Is “Yellowstone” and its related IP, such as “1923,” a red state show? Or is it leftist ideology wearing the skin of red state culture in order to push leftism and leftist ideas on an unwitting populace? According to “IndieWire,” it’s the latter: Yellowstone, 1923, and the rest of that universe might appeal to red staters, but it’s really just “critical race theory.”
IndieWire gloatingly admitted as much in a mid-February article, arguing that:
“1923” is one of the most progressive shows on TV right now.
That may come as a shock to the many people who think Taylor Sheridan’s “Yellowstone” universe is inherently for Red Staters. Sheridan’s burgeoning constellation of Western TV series draws the kind of viewership numbers usually reserved for “NCIS” and other, older-skewing broadcast shows that the critical class usually ignores. “Yellowstone” and its first prequel “1883” are series that largely focus on grizzled white people in 10-gallon hats carrying guns, after all.
Each of the “Yellowstone” series features Native American characters. But “1923” has been startling for the time and the emphasis it’s given to the storyline of Teonna (Aminah Nieves), and what that storyline implies about how historic structural inequities continue to govern outcomes for Indigenous Americans today. It’s “critical race theory,” the term wildly mischaracterized by political opportunists that refers to the idea that racism is embedded in and enforced by laws and institutions, even apparently “colorblind” ones, to ensure inequality is perpetuated. It’s in the DNA of “1923,” and if its primary audience really is conservative, it’s a remarkable Trojan horse packaging of ideas to which that audience desperately needs to be exposed.
After giving examples of how the show shows the supposed exploitation of and miseries inflicted upon the Indians by whites, plotlines that show the program is little more than CTR repackaged in cowboy outfits, the IndieWire piece then argues:
Though Sheridan has sensitively engaged with Native American issues before (especially in his directorial debut “Wind River”), this is something new: It draws an inherent line from the horrors of colonization in the past to the continued injustices Native Americans face today, how a legacy of genocide continues to structure their contemporary struggles. The government’s neglect, its allowance of predatory forces to exploit Native lives, can be as dangerous as anything. Witness the lack of a real law enforcement response in the U.S. over decades to the epidemic of missing and murdered Indigenous women, a group that a study from the National Congress of American Indians found is 2.5 times as likely to be victims of violent crime than any other demographic.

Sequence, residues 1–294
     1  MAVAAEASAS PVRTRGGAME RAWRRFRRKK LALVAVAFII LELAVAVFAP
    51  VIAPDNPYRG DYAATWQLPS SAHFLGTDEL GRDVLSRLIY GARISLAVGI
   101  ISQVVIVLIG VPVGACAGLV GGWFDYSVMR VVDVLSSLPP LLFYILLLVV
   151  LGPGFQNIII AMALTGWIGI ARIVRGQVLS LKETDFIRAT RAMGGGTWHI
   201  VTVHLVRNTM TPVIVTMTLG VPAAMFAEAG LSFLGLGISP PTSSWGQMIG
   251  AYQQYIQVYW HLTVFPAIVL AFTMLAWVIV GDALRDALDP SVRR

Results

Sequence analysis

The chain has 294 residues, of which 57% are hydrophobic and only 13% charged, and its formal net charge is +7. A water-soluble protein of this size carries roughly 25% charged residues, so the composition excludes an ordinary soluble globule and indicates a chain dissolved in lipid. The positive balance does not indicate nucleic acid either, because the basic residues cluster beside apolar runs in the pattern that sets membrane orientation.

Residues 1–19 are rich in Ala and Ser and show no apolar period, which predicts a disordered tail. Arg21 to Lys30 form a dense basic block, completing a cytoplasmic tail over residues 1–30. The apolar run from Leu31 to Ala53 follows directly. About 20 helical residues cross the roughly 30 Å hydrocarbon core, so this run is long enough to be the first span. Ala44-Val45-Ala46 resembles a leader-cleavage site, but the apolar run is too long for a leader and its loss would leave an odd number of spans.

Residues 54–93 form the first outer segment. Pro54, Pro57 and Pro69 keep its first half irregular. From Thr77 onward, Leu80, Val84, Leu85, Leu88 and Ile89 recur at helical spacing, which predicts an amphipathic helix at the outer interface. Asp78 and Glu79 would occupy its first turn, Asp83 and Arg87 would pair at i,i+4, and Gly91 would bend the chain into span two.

“1923” viscerally brings to life the context for today’s injustices that “Murder in Big Horn” describes. In drawing such a connection between past and present, Sheridan’s show has smuggled in a much-needed dose of critical race theory, the term demonized so doggedly by the American right in recent vintage. It even makes you think of how the Dutton family’s success at the heart of “Yellowstone” and “1923” is owed to the Indigenous land, taken away from Indigenous people, that they call their property.
Though many on the right and the left have insisted that Yellowstone is a red-state show, the creator of the show disagrees. In an interview with the Atlantic released in that publication’s December 2022 Issue, the creator of Yellowstone, Taylor Sheridan, rejected the idea that
“They refer to it as ‘the conservative show’ or ‘the Republican show’ or ‘the red-state Game of Thrones.’ And I just sit back laughing. I’m like, ‘Really?’ The show’s talking about the displacement of Native Americans and the way Native American women were treated and about corporate greed and the gentrification of the West and land-grabbing. That’s a red-state show?”
Just months after he said that about the hit show, it’s reportedly drawing to a close because Sheridan and Costner are butting heads and the network wants to move to spinoffs. We reported as much on the American Tribune, saying:
Paramount’s Wild West drama “Yellowstone” has been a roaring success that propelled show creator Taylor Sheridan into the public eye, but reports indicate that star actor Kevin Costner may soon be done with the franchise.
A Deadline report says that the duo of Paramount and Sheridan are planning to end the story of Yellowstone in a spectacular way, before transitioning into even more spinoffs than have already been aired. One such spinoff has even been rumored to include Matthew McConaughey.
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